Nav: Home

Air pollution may shorten telomeres in newborns -- a sign of increased health risks

January 24, 2018

A study conducted before and after the 2004 closure of a coal-burning power plant in Tongliang, China, found children born before the closure had shorter telomeres than those conceived and born after the plant stopped polluting the air.

Results appear in the journal Environment International.

Telomeres are specialized sections of DNA that allow chromosomes to be faithfully copied during cell division. However, with each round of cell division, telomeres shorten, resulting in a gradual loss of genomic stability. Shortened telomere length has been linked with cancer and heart disease, cognitive decline, aging, and premature death.

Led by Deliang Tang and Frederica Perera at Columbia University's Mailman School of Public Health, the research team analyzed telomere length in the umbilical cord blood of 255 newborns, about half of whom were born before the plant closure and half conceived and born after. In babies born pre-closure, researchers found higher levels of PAH-DNA cord adducts, a biomarker for exposure to polycyclic aromatic hydrocarbons, a toxic component of air pollution from coal plants. Elevated levels of these adducts in cord blood were associated with shorter telomeres--the first time this relationship has been tested--as well as with lower levels of brain-derived neurotropic factor (BDNF), a protein involved in neuronal grown.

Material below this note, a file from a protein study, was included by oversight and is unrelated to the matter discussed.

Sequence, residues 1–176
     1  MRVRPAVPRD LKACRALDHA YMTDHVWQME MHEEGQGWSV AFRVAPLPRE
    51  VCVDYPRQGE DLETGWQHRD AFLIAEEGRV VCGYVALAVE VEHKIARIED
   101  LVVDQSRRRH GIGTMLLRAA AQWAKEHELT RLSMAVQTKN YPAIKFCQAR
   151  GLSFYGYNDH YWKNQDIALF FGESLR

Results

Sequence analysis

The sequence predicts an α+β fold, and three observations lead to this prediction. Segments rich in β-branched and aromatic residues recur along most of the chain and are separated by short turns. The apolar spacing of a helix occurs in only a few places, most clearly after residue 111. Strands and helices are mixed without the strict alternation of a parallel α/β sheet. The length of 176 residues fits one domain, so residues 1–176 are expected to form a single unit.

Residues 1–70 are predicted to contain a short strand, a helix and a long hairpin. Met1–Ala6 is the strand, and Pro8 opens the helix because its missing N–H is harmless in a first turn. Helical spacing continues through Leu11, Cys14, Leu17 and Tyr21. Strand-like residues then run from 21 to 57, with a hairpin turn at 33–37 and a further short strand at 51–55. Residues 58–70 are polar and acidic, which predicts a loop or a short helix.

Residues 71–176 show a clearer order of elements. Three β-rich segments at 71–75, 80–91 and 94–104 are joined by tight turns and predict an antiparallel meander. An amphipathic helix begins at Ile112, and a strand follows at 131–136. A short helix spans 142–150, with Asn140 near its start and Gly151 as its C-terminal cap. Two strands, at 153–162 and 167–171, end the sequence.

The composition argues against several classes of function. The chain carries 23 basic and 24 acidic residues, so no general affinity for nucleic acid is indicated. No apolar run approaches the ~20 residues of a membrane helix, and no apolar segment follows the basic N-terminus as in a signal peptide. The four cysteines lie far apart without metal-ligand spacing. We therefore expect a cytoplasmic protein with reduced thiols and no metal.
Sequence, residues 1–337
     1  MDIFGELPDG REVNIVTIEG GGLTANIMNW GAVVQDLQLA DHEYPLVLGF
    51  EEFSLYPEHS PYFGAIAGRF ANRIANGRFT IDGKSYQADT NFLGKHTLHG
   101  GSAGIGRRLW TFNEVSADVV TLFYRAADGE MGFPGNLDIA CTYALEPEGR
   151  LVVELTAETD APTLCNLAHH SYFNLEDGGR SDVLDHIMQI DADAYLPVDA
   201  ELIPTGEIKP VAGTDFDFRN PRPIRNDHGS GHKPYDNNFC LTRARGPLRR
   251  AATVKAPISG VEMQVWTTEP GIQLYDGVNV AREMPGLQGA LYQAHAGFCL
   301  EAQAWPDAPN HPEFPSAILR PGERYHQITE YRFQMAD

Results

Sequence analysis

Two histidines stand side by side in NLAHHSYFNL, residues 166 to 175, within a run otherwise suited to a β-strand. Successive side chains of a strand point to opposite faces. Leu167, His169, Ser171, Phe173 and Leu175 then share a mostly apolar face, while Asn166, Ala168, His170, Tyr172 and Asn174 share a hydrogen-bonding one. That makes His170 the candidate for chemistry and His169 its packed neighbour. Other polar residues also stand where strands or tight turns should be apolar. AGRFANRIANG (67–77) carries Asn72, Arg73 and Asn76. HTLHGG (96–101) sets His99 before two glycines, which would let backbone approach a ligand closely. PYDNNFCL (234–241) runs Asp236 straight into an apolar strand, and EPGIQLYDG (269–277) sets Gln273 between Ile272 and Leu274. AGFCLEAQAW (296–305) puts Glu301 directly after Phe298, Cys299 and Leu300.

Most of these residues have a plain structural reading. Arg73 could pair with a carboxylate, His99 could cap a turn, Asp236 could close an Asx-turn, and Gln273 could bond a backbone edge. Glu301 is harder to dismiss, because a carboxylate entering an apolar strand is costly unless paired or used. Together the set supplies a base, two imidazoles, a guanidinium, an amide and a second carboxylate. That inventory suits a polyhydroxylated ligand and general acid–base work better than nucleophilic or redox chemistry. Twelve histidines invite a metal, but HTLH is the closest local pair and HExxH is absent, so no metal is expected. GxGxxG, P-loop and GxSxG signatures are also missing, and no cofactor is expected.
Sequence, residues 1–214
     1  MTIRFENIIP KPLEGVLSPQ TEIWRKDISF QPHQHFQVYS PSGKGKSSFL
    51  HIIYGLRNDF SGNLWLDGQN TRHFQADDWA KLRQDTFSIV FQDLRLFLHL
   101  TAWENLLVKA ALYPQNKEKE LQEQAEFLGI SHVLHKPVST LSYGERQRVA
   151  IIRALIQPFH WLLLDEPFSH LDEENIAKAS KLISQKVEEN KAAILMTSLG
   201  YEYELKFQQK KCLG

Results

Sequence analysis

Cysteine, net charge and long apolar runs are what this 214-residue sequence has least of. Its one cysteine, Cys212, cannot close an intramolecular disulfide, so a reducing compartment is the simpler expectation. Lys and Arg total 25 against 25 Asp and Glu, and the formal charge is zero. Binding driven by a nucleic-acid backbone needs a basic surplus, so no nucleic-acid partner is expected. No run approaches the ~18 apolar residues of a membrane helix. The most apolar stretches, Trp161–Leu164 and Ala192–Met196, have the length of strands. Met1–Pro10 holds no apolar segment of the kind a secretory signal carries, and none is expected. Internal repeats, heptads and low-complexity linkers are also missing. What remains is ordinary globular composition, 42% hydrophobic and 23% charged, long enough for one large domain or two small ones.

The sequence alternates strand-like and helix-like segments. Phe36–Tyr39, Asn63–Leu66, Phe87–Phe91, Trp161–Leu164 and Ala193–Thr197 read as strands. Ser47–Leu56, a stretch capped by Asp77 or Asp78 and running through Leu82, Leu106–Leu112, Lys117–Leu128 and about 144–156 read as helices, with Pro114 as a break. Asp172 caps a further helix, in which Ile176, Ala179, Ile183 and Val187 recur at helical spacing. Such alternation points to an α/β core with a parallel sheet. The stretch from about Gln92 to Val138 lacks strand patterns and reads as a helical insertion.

However, telomere length was not associated with developmental score in the subset of 210 children tested at age 2, although the researchers say the finding doesn't rule out telomere length-related neurodevelopmental problems at later ages.

"An individual's telomere length at birth is known to influence their risk for disease decades later during adulthood," says Tang, professor of Environmental Health Sciences at the Mailman School. "Further follow-up is needed to assess the role telomere length plays in health outcomes in the context of early life exposure to air pollution."

In May 2004, high levels of air pollution in Tongliang prompted the government to shut down the local coal-burning power plant to improve community health. This action, announced in advance, provided a unique opportunity to compare data on ambient PAH levels, biomarkers, and health outcomes in two successive cohorts of children, with and without prenatal exposure to emissions from the coal-fired power plant. In previously published research on these cohorts, the authors reported newborns born after the plant closure had lower levels of PAH-DNA adducts, lower rates of various health outcomes, and increased levels of BDNF.

"The new study adds to the evidence that closing this coal-burning power plant was beneficial to the health and future well-being of newborns there," says Perera, director of the Columbia Center for Children's Environmental Health and professor of Environmental Health Sciences at the Mailman School of Public Health. "Moreover, we know that lowering exposure to air pollution anywhere will be beneficial to children's health and long-term potential."
-end-
Funding for the study was provided by the V. Kann Rasmussen Foundation, the Energy Foundation, the Schmidt Family Foundation, the Rockefeller Brothers Fund, and the Porpoise Fund. The authors, who also include Chia-jung Lin and Lirong Qu at Columbia's Mailman School, declare no conflicts.

Columbia University's Mailman School of Public Health

Related Air Pollution Articles:

Air pollution may disrupt sleep